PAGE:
The non-profit field is a very diverse one, and more so than other companies you may have a budget to stick to. In addition to potentially having less revenue than for-profit companies (of course that isn’t always the case), your funds are stringently earmarked for certain uses. Just because you have $100,000 to spend doesn’t mean you can spend it as you like—even if you’re a board member, founder or the executive director. Choosing the right web host for a non-profit requires a slightly different approach than any other type of business.
However, there are also many similarities. You can use the same parameters to see if you’re ready to switch from shared hosting to a dedicated server, which is at least 3,000 visitors to your site per day. However, few non-profits achieve the kind of high traffic that requires a dedicated server. Instead, you’ll likely be looking at options for shared hosting.
Here’s your cheat sheet to get started.
What non-profits need from a web host
Non-profits need the exact same thing as other websites, but for different reasons. Minimal downtime, fast page loading and great customer service is the trifecta of a fantastic web host. However, when considering downtime and page load time, non-profit serve very unique communities. If the population you serve regularly checks out your website for classes, workshops, seminars and to schedule appointments, you need to prioritize serving them.
Every website is going to cater to a different market. For instance, a website that blogs about the latest smartphones and reviews is probably talking to an audience of techies. A non-profit, on the other hand, might be catering to cancer survivors, immigrants, EFL speakers or any other unique demographic. Consider how your audience will be accessing your site, perhaps with a survey on devices used, and make sure your web host caters to those approaches.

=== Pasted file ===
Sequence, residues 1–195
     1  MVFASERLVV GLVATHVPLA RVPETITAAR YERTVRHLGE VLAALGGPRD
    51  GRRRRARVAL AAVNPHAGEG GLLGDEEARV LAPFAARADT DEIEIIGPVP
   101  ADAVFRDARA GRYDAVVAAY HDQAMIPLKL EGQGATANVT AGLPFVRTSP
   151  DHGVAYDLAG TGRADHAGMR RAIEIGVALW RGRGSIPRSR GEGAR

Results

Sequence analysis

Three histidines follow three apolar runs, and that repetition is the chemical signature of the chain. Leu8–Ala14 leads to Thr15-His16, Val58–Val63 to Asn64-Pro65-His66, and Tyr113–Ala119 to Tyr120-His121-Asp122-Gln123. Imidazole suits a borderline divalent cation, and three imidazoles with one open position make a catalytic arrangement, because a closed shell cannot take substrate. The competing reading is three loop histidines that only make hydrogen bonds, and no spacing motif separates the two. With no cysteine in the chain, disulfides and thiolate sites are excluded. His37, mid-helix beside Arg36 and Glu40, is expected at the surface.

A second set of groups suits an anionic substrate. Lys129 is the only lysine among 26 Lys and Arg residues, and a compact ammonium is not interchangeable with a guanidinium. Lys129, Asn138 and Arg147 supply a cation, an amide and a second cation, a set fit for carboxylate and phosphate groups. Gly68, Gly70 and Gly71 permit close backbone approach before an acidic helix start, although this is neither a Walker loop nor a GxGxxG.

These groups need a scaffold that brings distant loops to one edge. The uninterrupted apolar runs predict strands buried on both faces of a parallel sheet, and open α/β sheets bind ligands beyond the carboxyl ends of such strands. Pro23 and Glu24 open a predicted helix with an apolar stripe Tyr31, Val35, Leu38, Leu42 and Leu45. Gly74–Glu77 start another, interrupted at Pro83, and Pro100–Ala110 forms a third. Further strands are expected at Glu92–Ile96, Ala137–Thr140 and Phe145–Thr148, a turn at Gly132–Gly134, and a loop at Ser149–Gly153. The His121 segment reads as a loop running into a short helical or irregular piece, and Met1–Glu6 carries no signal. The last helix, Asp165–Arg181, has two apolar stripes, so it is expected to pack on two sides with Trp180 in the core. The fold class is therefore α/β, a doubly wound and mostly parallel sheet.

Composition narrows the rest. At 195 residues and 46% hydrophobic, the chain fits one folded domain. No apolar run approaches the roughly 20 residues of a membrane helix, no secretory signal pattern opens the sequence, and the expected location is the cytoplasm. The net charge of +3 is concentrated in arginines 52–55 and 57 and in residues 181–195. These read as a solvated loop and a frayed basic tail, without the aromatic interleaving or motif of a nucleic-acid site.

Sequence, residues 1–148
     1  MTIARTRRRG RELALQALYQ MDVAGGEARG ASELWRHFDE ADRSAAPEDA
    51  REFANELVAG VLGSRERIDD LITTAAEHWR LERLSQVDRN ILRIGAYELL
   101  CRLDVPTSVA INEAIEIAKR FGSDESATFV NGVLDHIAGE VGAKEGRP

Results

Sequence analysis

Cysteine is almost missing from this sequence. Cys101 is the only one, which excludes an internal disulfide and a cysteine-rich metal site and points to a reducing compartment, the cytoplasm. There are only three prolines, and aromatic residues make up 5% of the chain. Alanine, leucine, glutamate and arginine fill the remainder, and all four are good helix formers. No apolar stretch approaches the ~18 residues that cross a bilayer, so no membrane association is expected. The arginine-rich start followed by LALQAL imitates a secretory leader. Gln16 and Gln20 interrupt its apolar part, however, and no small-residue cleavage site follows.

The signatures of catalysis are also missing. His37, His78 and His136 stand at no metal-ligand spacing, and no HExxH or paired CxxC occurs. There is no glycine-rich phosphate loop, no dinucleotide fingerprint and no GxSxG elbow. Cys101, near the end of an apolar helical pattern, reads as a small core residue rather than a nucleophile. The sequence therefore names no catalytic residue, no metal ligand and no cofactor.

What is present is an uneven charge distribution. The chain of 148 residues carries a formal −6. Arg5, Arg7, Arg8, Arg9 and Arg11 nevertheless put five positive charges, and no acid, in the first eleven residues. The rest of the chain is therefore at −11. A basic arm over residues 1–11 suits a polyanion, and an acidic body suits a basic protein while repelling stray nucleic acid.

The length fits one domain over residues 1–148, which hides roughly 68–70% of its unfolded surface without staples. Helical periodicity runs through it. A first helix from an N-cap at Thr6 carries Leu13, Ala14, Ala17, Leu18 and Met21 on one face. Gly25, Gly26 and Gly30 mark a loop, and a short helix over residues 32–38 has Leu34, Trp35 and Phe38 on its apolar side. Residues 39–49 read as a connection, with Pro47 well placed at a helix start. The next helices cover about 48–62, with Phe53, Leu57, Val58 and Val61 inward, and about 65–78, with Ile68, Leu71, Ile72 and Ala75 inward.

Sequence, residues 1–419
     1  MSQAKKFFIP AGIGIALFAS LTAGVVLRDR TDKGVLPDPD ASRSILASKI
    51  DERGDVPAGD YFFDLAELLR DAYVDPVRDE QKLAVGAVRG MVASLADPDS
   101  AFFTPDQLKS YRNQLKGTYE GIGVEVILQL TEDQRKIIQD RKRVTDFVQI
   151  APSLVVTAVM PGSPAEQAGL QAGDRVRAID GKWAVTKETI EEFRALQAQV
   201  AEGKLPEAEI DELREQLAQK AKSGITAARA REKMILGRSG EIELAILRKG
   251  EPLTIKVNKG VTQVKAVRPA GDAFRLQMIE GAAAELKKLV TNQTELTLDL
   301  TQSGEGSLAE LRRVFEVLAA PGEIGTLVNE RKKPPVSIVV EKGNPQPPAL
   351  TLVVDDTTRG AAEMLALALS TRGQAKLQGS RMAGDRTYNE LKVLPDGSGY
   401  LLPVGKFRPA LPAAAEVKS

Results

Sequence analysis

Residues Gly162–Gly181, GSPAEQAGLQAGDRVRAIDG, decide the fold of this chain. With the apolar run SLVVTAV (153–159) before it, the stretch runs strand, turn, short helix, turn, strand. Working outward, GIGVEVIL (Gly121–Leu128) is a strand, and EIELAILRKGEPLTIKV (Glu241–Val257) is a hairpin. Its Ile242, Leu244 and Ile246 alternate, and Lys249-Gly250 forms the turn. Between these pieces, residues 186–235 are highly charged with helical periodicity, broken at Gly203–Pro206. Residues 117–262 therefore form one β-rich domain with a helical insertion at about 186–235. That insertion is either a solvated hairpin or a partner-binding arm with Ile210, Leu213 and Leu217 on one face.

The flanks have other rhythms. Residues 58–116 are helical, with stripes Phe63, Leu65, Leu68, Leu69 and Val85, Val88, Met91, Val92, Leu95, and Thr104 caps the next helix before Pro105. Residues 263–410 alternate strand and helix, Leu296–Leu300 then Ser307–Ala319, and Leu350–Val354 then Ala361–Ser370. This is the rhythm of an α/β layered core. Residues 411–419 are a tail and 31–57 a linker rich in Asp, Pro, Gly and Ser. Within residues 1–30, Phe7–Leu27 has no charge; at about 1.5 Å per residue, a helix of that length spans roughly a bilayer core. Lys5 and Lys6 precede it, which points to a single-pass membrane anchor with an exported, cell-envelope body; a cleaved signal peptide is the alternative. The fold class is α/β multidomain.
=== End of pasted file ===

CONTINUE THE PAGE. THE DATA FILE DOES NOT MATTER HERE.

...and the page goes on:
A non-profit that’s received funding has every dollar accounted for in the budget. You can’t take funds for the special event and force it into paying for web hosting. Unless you’re lucky enough to have oodles of general operating expense funds, you’re going to have to piece together a funding puzzle that works.
The good news is that web hosting can actually fall into a number of categories legally. It might be considered part of GOE, technology, office administration or even parts of special events since you’ll likely be using part of your online presence for marketing. Get creative, but make sure your CPA checks things over to keep things on the up and up.
Squeezing hosting into a non-profit budget
There are many free web hosting options out there, but that doesn’t mean it’s the best fit for your non-profit. Free often equates to a lot of clients sharing a server, which ends in slow load times. Your audience deserves better than that, especially if you have a website with a lot of traffic or peak seasons (like registering for annual galas each autumn). If there are budgetary restraints, define your budget for web hosting and start researching.
Just make sure you get quality customer service along with shared hosting and minimal sharers. What’s the use of a great web host package if there’s not complementary service to go along with it?
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